The Complete Artist Way by Julia Cameron.
I bought this over two years ago, but every time I tried to read it, I would stall near the end of The Artist Way. Julia Cameron described it as making a Creative U-Turn, and likened it to a horse refusing the jump. I have made a lot of Creative U-Turns, so the visual stuck with me. And, after three U-Turns too many, I made the jump. I made a commitment to stick with it, and am now onto the next section Walking in this World. I’m enjoying the weekly walks. Sometimes, I still crave the endorphin-enduced high of a run. Perhaps I will get back into it, but for now I’m content to walk and enjoy the scenery and clarity that comes with it. This week’s chapter was all about doing things in small increments and learning to finish things. It couldn’t be more timely, what with my recent frustrations with Dirge. I think I will just have to hang my fears out to try and commit to a Fast (read: horribly imperfect) Draft if I am ever to finish it. Making it shine is Second Draft’s job….right?
Julia’s essays are always thoughtful and inspiring. While I resisted the technique of Morning Pages often and frequently when I first started this process, the method has become an invaluable tool. I can no longer stand to do anything until after my morning pages are written because they help to cluttered my brain. It sweeps away the cobwebs induced my early morning jitters and my usual bundled mess of anxiety. It is a great resource for budding artists of any kind. Though I admit, some of the exercises can feel tedious and “forced”, the rest are generally insightful.
Growing Up Native American Anthology
Mainly research for a character in Stars, and I haven’t gotten very far with. I’ve always been fascinated by cultural exchange and different perspectives, and this project has a strong multicultural influence. From the stories I’ve read so far in the anthology, I’ve found them to be poetically executed. In one particular story, Simon Ortiz talks about the power of language and how being forced to learn English (which he did rather quickly because of his natural inclination for words) only made him cling that much more tightly to his original language: Acoma. But by knowing both, he is empowered. He is in a unique position to see and understand and educate from both sides. I’ve always believed that learning languages is the key to understanding and appreciating different cultures and find it disappointing that we are not all privileged to do so, or that more emphasis is not placed on teaching languages (beyond Spanish, French, etc..) in the early stages of learning.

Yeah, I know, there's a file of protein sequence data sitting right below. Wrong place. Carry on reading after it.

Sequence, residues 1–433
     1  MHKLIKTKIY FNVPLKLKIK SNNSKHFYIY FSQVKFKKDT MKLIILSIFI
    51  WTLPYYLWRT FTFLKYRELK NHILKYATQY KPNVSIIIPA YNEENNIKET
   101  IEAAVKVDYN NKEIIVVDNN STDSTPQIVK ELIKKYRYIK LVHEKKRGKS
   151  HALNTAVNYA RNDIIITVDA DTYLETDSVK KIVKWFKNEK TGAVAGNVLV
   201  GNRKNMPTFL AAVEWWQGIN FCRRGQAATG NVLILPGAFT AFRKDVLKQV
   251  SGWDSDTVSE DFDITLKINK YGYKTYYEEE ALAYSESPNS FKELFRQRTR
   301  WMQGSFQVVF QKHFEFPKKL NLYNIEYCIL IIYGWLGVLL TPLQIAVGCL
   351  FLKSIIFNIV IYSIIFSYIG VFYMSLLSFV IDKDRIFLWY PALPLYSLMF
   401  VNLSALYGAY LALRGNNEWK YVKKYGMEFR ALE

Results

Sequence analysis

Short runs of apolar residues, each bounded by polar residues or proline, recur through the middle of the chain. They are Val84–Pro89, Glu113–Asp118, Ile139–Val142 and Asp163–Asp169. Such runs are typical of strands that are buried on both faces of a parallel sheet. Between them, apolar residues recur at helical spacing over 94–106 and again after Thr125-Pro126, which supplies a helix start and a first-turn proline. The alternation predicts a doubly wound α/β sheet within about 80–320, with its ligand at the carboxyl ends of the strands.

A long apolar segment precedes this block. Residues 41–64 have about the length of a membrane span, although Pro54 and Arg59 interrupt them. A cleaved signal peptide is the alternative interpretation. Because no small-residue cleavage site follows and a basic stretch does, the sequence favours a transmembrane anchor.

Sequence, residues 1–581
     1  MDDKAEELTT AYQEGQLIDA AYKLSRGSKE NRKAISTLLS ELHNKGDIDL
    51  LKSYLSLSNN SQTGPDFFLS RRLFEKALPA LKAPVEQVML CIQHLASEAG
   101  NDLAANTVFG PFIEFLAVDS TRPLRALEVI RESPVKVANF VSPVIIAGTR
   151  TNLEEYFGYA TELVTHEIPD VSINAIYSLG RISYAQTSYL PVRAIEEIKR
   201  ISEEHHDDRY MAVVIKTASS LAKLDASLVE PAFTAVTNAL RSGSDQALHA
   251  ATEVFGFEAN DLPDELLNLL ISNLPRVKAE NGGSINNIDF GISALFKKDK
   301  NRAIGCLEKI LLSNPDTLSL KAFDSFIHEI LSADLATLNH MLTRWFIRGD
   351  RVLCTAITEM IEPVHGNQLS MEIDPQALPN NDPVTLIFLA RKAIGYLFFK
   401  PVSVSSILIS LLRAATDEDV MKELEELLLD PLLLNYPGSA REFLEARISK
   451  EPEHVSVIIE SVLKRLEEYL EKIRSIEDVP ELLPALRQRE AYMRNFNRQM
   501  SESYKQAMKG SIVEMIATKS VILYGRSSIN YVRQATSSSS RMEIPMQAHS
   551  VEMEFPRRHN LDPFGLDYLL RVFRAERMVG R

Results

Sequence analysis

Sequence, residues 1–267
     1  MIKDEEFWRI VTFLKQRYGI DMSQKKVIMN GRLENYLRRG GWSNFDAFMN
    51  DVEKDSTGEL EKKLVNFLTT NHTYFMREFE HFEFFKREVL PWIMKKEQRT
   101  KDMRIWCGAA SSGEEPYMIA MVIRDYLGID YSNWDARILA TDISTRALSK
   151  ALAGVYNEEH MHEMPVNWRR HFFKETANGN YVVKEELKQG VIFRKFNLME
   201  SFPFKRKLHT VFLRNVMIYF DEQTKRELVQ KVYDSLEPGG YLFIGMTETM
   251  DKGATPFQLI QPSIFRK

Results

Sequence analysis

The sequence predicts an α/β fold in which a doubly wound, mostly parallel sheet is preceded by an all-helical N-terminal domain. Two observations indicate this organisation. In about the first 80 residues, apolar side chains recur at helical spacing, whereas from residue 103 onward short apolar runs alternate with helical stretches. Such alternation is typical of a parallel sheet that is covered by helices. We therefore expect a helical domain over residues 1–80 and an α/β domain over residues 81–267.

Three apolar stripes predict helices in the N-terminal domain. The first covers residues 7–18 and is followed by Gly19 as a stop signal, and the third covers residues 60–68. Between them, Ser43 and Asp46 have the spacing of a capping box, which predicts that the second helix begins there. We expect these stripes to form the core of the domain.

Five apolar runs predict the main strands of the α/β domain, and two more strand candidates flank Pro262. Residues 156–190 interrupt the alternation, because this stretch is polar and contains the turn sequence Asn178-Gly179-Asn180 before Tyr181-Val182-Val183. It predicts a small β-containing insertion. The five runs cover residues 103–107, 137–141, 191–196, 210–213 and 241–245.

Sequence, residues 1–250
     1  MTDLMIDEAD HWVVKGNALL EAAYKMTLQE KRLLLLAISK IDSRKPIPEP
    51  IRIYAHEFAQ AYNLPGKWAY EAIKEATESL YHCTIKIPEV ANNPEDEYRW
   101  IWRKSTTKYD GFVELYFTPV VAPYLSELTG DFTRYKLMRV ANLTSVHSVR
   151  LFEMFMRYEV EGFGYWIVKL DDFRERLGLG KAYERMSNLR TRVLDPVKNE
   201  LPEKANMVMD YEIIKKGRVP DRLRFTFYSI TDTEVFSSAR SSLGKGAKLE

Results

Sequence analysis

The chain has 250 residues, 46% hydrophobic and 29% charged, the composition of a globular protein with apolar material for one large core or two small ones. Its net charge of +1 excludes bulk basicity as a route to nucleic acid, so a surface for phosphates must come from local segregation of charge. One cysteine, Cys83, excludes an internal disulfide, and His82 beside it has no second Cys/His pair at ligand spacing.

I’m certainly gaining a lot of insight and ideas for my character, that’s for sure!
Memory of Fire by Holly Lisle
I’d heard great things about Holly’s World Gates series and now I have the whole set! I really enjoyed book 1 and how the magic system worked. Every action has a consequence. Everything comes with a price. Every single character was interesting and felt fully realized. I especially liked June Bug’s arc. I’m holding off on book 2 simply because I’m going through How To Think Sideways again and there’s a lesson that draws heavily on The Wreck of Heaven (Book 2 of The World Gates). Don’t know if I’ll be able to make it, but I’m trying to resist!
Mockingjay by Suzanne Collins
The last book in The Hunger Games Trilogy. I loved these books so much that I wish I had written them. So much author envy/admiration. Though, I did refrain from getting emotionally involved in the romance plot because I hate love triangles and I don’t think anyone’s going to write a polyandrous YA story. (Prove me wrong someone?!)
The premise was the real draw for me and I enjoyed seeing Katniss’ character (among others: Prim, Gale, Finnick, Haymitch, Cinna, etc) evolve over the space of the books (through lots and lots of gritty violence. No, I’m not even ashamed.) I thought Mockingjay was a great conclusion to an epic series of books and I hope beyond hope that it gets made into a movie because some of those militaristic scenes would be sweeeeeeet!! The visuals presented throughout each book just lend itself so well to the cinema, it would be a damn shame if The Hunger Games does not do well enough to warrant green lighting the sequels. I’ve already lent the books to two very critical friends they both enjoyed the series immensely. I kind of hope Suzanne will think of a way to write more books in this universe, but I can pretty much guarantee I’ll buy her next book no matter what it is.
What are you all reading? I love recommendations!